Our country is shifting before our eyes, from a global pandemic and a movement for racial equity, and it’s time to rethink and recenter what’s important.
Just like with any major historical event, we will have to adapt and look to the future. And that, for me, means how we approach education. While we don’t know what this next school year will look like, there are a few things that are certain: it will be challenging and there will be a lot of unknowns. But on the upside: unknowns can spark innovation.
In Chicago, where I teach, we recently learned that our first semester will be entirely virtual. With cases on the rise locally right now, going virtual is the right decision for the safety and well-being of teachers, students and families. Even so, none of this will be easy.
I worry about hurdles my 12th grade students may face as we return to remote learning.
We’ve made progress in making sure students have computers, but some may still not have access to reliable internet. Then there’s the family aspect: some students are taking care of younger siblings. Some have had a death in their families. Some of their parents have lost work. As all this mounts up, how will these factors impact their learning and grades? How do I keep high expectations for my students while acknowledging and helping them process their trauma?
“How do I keep high expectations for my students while acknowledging and helping them process their trauma?”
This is my reality. And so many other teachers. Yet though everything may seem bleak right now, there’s always hope in the darkness. Even amid my worries, I’m excited to further hone this new way of teaching and develop tools for asynchronous learning, which offers students the flexibility to learn in real-time and at their own pace. If we can meet students where they’re at, we can better meet their needs.
I would categorize my teaching last spring as “emergency teaching,” as our school routines changed abruptly in a matter of days. I don’t know anyone who felt equipped to jump to remote learning effectively overnight. As I’m preparing for another round of distance learning, I’m now able to reflect on what can be done differently.
This summer, I completed a project-based learning professional development course that taught me techniques on creating curricular materials that emphasize collaborative learning, intellectual inquiry, and student ownership of projects and how to make it all work in a virtual setting.
I can use this approach this semester to have my students examine historical events through multiple perspectives. As Covid-19 disproportionately affects Black communities, my students will analyze how difficult times can be a catalyst for societal change. They will also have the opportunity to analyze the differences in how various people and communities experience historical events.
We shouldn’t ignore that distance learning can’t replace in-person learning or that our most vulnerable students nationwide will be the hardest to reach during this pandemic. In fact, more than half of teachers nationwide are concerned about their students’ learning loss. But we need to shift our mindset: Instead of guessing when we’ll be able to head back to our classrooms full-time, we need to center our discussions on what supports teachers need right now for their students.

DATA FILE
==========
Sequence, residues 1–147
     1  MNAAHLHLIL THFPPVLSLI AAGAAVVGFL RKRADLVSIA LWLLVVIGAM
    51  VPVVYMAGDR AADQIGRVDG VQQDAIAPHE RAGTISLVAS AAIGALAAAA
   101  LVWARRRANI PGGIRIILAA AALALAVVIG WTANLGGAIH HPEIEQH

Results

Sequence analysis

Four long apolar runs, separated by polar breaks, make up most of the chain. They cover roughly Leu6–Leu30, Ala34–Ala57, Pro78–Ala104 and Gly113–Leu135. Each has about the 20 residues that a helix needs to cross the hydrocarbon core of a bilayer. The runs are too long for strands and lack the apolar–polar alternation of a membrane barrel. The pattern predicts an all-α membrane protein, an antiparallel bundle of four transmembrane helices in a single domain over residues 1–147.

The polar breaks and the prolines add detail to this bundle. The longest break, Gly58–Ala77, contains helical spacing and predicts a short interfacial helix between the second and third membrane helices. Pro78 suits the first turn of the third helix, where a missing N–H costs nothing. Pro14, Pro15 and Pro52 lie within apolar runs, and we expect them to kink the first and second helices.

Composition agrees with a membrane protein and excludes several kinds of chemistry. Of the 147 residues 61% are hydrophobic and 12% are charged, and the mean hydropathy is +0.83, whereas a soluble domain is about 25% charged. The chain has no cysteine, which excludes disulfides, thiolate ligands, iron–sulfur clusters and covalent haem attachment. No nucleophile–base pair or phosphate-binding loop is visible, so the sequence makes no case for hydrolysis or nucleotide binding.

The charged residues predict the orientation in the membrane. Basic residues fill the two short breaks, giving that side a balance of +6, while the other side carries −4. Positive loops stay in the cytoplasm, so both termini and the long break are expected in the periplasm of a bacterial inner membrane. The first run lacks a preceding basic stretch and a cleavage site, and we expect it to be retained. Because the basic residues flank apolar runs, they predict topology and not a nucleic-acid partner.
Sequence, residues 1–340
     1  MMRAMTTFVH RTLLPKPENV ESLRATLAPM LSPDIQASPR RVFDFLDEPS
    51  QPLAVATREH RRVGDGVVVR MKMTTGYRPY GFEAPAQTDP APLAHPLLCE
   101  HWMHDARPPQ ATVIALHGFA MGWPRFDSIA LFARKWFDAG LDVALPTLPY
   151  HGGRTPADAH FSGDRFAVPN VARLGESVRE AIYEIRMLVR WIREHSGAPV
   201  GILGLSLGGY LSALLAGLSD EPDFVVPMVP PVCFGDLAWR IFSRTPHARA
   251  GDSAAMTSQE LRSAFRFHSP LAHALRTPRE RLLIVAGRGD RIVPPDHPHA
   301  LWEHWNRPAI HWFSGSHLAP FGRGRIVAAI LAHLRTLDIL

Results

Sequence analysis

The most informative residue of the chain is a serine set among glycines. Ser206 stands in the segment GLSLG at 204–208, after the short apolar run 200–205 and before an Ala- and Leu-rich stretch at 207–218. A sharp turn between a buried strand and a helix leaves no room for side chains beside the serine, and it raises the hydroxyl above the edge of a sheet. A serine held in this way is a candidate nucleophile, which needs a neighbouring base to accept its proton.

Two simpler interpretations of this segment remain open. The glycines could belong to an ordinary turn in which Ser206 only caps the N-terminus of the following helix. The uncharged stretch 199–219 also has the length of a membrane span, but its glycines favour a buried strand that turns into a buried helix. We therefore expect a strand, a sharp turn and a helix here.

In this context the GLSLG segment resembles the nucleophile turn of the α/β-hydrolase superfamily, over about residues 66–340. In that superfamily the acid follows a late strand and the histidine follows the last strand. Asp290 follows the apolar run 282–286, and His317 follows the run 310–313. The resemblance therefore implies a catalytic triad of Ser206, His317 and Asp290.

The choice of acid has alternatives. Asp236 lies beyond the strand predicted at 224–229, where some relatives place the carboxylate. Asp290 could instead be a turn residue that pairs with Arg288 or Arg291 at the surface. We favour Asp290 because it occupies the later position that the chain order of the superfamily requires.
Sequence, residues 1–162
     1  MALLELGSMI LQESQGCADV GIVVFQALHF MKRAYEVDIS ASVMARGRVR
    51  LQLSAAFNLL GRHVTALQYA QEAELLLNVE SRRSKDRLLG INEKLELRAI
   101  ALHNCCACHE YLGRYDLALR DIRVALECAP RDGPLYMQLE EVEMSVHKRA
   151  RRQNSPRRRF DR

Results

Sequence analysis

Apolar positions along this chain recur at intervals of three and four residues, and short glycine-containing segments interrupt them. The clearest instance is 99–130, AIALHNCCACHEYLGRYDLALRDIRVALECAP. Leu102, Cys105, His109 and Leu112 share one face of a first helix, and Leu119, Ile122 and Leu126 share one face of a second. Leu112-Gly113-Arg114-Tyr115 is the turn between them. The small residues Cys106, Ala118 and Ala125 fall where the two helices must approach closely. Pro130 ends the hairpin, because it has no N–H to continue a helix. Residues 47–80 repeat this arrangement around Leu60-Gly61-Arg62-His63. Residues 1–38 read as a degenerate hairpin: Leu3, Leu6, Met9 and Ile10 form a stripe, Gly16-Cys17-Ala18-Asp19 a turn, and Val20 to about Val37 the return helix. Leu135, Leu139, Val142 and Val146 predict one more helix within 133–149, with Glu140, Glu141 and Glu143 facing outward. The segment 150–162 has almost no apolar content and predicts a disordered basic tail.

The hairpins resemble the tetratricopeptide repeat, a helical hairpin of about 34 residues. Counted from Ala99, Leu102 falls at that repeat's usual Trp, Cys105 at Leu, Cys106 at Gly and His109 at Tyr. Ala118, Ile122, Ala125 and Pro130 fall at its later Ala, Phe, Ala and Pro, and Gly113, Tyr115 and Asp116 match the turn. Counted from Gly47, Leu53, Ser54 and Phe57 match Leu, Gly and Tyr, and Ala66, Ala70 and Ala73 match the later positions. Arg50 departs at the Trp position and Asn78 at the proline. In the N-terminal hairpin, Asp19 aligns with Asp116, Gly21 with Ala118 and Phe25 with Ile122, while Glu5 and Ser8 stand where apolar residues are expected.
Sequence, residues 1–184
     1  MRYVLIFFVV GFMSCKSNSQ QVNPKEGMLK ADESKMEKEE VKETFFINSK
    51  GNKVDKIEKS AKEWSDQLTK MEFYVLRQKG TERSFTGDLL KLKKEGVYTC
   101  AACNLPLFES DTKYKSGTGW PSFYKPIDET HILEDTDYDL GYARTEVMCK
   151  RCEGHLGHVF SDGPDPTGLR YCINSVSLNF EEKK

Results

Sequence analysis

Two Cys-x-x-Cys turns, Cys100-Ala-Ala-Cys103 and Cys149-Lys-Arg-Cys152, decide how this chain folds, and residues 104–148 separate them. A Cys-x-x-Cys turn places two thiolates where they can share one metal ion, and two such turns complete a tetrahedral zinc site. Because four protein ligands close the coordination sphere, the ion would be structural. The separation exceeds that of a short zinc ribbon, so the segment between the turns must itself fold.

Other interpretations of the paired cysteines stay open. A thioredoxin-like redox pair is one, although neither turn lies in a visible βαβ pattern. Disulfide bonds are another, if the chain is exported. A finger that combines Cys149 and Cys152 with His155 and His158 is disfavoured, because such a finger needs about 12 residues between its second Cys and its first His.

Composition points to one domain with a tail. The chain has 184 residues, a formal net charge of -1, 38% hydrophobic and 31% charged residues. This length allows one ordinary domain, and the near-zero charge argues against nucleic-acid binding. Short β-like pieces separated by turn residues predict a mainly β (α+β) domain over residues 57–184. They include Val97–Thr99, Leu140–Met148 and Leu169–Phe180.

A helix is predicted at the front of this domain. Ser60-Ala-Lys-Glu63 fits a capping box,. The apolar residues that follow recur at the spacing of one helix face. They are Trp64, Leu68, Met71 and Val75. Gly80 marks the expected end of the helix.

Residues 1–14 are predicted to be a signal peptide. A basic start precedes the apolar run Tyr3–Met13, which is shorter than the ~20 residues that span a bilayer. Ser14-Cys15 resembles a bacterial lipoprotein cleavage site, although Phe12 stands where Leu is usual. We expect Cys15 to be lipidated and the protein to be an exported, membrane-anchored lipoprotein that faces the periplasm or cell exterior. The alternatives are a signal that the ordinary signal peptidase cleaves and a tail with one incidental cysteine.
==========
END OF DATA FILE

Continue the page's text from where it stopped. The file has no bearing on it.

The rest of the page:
Related: What if public schools never reopen?
That starts with federal funding. It’s in our national interest for students to have access to an equitable education, no matter who they are or where they live. We are investing in our country’s future. Yet, we’re falling short.
Experts say between $175 and $245 billion dollars in federal resources is needed for students to get the education they deserve, which is only a portion of what has been allocated. Federal funding, however, shouldn’t be distributed with a one-size-fits-all approach: flexibility on the local level will be paramount.
School communities need to be able to fund what their students and teachers most need right now, whether it’s more instructional coaches, professional development, or parent engagement efforts.
We need to think long term.We don’t know when a vaccine will be ready or when it might be safe to return to the classroom. I’m nervous about all the unknowns, but I am also determined to embrace new ways of teaching to reach our kids in a time when they need us most.
Regardless of what this school year brings, in June, my students will begin their lives as young adults. We need their fresh perspectives and bright minds to lead the path forward.
This story about high school in Chicago was produced by The Hechinger Report, a nonprofit, independent news organization focused on inequality and innovation in education. Sign up here for Hechinger’s newsletter.
Devin Evans is a 12th-grade literature and history teacher at Butler College Prep Charter High School on Chicago’s far South Side. He graduated from Michigan State University with a B.A. in Social Science Education and History and is a member of Educators for Excellence.